"In the most likely College Football Playoff, ACC and defending National Champion, Florida State, tops Big Ten Champion, Ohio State, by a score of 39-27 in the Rose Bowl."
The good folks over at Prediction Machine make their living by running a program called the Predictalator. This aptly named simulator runs through the college football regular season and post-season a full 50,000 times to determine the most likely outcomes for the year.
The Predictalator thinks that Ohio State will reach the first annual College Football Playoff (we tend to agree). There, says the machine, the Buckeyes will fall to Jameis Winston and the Seminoles. The sim is remarkably high on the Wisconsin Badgers, who it says will finish the regular season first in the B1G before falling to OSU in the league championship game (33-30 Buckeyes).
On the other side of the bracket, Oregon is predicted to top Alabama in the Sugar Bowl by a score of 38-34. The sim projects that the Ducks will fall to the Seminoles in the title game, which would make two straight championships for FSU. Baylor, the putative winner of the Big 12, would be the only Big-5 conference winner left out of the playoffs. Granted, there's a reason they play the games on the field and not as computer models, but the Predictalator is better than 65% against the spread historically. It will be interesting to see which predictions come true and which fall flat (looking at you, Wisconsin).
"I wish I had the answer."
-Brady Hoke, on why toughness has eluded his teams (via CBS Detroit)
In a pointed screed about the state of UM's coaching, CBS Detroit's Jeff Riger laid out a rather long list of grievances about both the Rich Rodriguez years and the Brady Hoke years. Riger's most recent issue with Hoke is his lack of ownership of the toughness on his team. Hoke stated in press conference that he wants Michigan's identity to be "toughness on both sides of the ball," but was unable to give a satisfactory answer to the media's questions about where, exactly, that toughness has been the last few seasons.
Hoke is 26-13 as Michigan's head coach. Eleven of those wins came in his first season in Ann Arbor, which saw the Wolverines lose just two games on the way to a Sugar Bowl victory. Despite high hopes for UM in the polls, they have gone 8-5 and 7-6 in the two seasons since. Hoke wants to bring toughness back to Ann Arbor, but professes not to know, exactly, how to make that happen. As Riger so eloquently asks, "If you don't know, who does?"
"He couldn't play receiver last year. He didn't know what the hell he was doing."
-Tom Herman, on Dontre Wilson (per Bleacher Report's Ben Axelrod)
Dontre Wilson has added bulk to go with his expanded knowledge of Ohio State's playbook heading into the 2014 season. Wilson, who Urban Meyer envisioned playing a "Percy Harvin-type" role in the Buckeye offense, saw a lot fewer touches than he would have liked in 2013. Offensive coordinator Tom Herman wasn't shy about why that was, essentially saying that Wilson's abilities were too one-dimensional for the coaches to use him how they had originally planned.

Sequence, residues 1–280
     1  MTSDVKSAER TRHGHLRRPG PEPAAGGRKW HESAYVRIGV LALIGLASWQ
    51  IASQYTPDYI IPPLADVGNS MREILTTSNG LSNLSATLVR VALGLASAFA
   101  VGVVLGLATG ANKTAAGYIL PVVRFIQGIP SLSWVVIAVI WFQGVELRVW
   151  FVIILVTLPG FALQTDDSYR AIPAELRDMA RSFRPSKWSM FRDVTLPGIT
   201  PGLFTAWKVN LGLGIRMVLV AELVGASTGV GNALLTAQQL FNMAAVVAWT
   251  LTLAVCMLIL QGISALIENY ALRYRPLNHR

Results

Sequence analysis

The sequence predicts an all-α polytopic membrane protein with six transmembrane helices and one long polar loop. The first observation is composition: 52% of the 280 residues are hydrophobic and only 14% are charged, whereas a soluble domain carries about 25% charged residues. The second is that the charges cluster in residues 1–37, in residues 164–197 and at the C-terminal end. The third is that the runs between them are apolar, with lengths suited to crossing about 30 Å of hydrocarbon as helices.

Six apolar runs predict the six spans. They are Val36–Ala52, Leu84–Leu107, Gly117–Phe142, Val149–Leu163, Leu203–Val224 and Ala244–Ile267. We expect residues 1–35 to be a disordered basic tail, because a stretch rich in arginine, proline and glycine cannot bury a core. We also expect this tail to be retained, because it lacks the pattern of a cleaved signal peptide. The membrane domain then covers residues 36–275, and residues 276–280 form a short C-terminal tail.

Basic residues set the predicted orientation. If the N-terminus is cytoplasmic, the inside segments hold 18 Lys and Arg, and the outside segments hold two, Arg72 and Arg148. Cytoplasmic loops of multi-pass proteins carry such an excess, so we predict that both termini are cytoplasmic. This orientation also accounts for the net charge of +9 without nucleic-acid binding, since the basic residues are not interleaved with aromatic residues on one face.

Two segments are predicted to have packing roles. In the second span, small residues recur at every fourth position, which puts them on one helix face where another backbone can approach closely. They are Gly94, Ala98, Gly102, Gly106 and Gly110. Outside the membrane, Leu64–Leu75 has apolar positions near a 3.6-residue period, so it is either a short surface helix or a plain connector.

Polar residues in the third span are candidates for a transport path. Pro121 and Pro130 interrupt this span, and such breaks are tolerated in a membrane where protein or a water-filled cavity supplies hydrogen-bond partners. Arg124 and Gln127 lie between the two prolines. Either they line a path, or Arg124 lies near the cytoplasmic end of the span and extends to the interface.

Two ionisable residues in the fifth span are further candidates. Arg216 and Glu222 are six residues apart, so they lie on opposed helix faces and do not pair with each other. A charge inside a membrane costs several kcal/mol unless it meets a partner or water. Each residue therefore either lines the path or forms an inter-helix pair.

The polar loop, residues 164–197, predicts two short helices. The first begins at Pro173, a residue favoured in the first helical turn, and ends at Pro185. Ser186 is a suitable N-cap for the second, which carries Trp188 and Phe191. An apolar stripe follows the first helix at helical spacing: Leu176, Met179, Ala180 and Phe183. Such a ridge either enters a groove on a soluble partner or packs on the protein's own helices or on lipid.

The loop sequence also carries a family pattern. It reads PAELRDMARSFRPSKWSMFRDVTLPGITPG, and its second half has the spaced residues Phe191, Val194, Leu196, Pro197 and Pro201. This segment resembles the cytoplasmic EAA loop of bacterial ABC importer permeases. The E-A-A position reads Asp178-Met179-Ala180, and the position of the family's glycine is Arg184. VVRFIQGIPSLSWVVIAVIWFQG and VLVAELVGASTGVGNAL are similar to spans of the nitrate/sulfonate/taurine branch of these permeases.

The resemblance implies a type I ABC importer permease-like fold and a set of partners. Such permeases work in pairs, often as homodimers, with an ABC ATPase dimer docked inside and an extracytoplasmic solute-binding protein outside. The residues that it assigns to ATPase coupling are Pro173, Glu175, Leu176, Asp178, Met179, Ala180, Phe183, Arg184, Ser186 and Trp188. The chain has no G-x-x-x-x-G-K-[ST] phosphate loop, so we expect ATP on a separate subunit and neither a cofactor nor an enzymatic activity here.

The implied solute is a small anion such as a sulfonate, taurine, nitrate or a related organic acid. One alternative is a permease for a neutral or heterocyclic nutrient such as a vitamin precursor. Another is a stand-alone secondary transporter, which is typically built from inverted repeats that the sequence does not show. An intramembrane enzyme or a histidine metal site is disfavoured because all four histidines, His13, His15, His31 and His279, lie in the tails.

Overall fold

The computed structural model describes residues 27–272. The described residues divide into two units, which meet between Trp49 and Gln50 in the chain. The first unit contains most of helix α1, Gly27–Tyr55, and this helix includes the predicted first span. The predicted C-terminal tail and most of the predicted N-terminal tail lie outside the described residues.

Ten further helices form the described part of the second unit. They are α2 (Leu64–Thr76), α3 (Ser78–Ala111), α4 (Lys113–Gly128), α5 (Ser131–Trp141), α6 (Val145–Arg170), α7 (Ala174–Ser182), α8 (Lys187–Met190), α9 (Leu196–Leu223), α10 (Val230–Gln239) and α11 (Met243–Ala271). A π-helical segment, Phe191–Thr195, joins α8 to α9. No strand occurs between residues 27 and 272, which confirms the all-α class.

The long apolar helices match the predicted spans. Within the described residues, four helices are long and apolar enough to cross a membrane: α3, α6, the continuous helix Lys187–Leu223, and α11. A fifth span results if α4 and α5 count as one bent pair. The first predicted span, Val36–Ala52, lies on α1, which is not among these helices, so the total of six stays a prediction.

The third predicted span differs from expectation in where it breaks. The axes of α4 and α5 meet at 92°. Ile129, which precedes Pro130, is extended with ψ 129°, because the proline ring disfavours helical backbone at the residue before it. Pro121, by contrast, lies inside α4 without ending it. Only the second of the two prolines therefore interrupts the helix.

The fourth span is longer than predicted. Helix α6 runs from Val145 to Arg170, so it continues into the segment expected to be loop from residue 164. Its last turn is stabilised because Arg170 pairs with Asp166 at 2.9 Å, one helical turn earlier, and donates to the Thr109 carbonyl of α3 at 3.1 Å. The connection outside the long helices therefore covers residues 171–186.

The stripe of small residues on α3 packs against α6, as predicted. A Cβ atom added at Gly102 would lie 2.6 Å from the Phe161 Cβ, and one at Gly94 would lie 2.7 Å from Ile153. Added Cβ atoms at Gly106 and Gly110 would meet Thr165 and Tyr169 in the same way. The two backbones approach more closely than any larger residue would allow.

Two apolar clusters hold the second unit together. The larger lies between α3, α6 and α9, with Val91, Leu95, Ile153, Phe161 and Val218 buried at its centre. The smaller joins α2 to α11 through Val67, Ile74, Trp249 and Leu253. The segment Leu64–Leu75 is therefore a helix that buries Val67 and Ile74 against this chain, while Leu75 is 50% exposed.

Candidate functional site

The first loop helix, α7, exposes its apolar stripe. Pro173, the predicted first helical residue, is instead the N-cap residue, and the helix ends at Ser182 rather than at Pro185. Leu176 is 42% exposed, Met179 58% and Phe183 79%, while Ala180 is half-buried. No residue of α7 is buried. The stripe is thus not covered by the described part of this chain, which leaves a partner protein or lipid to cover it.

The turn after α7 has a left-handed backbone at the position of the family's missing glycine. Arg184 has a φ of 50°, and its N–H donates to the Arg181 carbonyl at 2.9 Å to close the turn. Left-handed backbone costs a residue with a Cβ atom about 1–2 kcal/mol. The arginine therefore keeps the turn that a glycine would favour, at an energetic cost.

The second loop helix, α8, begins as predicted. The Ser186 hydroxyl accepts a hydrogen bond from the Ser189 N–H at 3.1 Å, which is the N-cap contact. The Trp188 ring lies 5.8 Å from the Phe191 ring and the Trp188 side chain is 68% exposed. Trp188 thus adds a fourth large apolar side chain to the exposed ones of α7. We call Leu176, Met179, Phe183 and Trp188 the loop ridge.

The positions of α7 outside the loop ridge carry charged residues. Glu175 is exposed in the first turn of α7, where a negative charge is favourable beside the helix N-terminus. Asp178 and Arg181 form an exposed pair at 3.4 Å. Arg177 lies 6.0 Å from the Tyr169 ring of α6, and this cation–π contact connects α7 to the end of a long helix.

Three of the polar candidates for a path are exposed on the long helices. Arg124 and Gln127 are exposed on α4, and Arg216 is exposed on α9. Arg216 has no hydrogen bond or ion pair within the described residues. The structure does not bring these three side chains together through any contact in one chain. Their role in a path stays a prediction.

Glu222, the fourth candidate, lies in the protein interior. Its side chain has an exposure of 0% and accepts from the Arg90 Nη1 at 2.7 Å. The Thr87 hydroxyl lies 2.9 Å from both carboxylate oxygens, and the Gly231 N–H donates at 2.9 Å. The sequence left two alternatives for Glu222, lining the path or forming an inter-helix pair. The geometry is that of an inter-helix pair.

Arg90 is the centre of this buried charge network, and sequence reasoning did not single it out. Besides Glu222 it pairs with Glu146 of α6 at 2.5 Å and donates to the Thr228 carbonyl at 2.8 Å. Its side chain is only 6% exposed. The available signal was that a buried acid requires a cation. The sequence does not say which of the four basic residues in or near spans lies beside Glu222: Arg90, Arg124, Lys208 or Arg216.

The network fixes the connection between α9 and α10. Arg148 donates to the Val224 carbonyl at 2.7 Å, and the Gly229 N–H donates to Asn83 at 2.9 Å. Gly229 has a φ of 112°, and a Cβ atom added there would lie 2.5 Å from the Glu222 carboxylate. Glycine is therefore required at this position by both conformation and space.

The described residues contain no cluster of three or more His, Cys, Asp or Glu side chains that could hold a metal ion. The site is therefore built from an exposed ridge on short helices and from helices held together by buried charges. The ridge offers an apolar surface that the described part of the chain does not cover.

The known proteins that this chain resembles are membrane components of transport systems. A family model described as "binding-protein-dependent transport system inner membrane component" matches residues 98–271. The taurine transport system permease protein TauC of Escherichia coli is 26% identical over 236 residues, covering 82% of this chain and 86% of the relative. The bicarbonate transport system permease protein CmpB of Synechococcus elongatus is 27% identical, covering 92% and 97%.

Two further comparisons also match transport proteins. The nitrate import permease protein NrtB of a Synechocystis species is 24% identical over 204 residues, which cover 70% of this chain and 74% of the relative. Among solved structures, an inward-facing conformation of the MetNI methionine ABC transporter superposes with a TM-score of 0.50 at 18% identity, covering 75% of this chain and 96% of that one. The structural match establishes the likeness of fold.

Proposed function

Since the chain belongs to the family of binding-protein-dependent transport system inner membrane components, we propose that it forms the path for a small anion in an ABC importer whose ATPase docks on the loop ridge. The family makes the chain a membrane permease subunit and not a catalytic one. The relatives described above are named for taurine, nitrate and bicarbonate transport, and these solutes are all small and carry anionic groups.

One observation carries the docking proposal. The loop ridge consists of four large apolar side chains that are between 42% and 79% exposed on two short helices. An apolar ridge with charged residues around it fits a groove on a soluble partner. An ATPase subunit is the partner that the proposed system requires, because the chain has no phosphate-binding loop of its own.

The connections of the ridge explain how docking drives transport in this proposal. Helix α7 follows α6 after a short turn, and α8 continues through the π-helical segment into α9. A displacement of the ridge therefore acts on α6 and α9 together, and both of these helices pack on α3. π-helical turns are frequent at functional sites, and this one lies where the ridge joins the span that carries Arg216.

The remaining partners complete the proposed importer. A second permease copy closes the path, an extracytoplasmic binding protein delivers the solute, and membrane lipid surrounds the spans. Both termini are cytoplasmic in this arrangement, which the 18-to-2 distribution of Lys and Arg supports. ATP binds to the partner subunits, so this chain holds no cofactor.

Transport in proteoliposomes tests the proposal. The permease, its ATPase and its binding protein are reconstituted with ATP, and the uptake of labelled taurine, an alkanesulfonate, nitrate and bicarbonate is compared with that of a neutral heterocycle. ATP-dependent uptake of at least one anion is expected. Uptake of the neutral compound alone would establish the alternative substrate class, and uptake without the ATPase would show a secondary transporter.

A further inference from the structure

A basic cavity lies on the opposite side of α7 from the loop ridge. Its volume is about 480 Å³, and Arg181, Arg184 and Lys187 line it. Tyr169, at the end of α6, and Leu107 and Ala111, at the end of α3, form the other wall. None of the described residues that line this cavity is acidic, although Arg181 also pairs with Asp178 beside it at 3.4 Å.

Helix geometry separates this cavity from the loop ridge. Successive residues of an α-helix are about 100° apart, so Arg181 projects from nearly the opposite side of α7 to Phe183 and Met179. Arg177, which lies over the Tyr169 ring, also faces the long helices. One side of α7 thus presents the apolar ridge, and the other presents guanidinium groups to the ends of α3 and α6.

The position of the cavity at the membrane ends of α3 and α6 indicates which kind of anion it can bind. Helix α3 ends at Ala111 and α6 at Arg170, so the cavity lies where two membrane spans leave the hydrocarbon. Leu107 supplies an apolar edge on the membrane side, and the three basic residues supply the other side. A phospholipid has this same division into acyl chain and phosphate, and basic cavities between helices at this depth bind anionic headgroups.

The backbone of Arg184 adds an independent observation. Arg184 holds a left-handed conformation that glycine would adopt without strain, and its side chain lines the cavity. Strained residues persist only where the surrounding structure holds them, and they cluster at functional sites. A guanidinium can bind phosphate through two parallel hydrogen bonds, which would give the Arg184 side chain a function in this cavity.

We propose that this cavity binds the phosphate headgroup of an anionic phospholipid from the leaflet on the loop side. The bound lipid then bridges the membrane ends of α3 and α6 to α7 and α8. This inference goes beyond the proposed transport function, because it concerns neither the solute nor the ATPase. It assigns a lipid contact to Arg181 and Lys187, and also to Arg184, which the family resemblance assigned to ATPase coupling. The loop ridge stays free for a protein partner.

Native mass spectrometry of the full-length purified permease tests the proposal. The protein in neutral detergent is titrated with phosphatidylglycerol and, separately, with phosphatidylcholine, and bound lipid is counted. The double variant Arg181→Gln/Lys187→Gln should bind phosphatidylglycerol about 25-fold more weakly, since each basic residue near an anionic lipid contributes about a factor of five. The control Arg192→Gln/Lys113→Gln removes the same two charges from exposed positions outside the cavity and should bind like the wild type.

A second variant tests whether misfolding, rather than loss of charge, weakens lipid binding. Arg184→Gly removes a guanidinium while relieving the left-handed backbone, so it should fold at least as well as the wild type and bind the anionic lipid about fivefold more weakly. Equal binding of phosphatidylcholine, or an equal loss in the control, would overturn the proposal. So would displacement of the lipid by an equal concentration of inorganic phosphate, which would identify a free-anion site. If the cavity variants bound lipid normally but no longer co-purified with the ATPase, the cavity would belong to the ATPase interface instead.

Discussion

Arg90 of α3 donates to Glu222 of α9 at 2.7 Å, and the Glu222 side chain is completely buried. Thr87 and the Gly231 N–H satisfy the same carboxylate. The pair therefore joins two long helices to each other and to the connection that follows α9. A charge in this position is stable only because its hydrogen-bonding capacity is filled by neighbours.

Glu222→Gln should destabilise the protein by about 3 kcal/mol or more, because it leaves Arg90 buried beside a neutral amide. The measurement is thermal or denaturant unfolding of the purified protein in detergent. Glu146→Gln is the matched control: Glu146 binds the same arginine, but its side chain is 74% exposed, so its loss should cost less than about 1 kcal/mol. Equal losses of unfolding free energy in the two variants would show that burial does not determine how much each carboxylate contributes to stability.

All of that should change this season. Wilson is officially listed as a wide receiver on the roster rather than a running back, and will be the Buckeyes' predominant slot guy. He's been taking a heavy volume of snaps at WR in camp, but is also dangerously dynamic out of the backfield--the kind of versatility the Buckeyes lacked last season. With a year of trial and error under his belt, Wilson says he is more confident heading into this fall than he was before last. "I just wish I didn't have all that hype and all that stuff before I got here," he said.
"Every student-athlete that grows up in the state of Ohio that plays football, their dream is to play in Ohio Stadium."
-Beau Rugg, assistant OHSAA commissioner (via Fox Sports Ohio)
Every year, the Greater Columbus Sports Commission hosts a "Morning Sports Report" that highlights notable central Ohio sporting moments from the last year and gives a preview of what's to come in the next. Most notable among these events are the seven high school football championship games that will be played in the 'Shoe in December. For 24 consecutive years, these title games have been played in Canton and Massillon, so this is a big deal for a lot of players and coaches (hence Rugg's quote above). Rugg cited the quality of OSU's facilities and Columbus' central location as reasons behind the switch.
The 2014 Morning Sports Report hosted several Ohio State football greats--quarterback Bobby Hoying, halfback/wide receiver Paul Warfield, and halfback Beanie Wells. Warfield, the most successful pro of the three, played on the 1972 undefeated Miami Dolphins team and was inducted into the Pro Football Hall of Fame. All three played their high school football in Ohio, and each spoke lovingly about what it meant to them to be able to play in Ohio Stadium in college. "This is really the pillar of football for the state of Ohio," said Warfield.
Also speaking at the event were Claire-Louise Bode and Catherine Shields, key members of Ohio State's two-time national champion Women's Rowing team, and Logan Stieber, who holds the OSU record with three consecutive national wrestling titles. The three athletes spoke about their experiences and achievements as Buckeyes.
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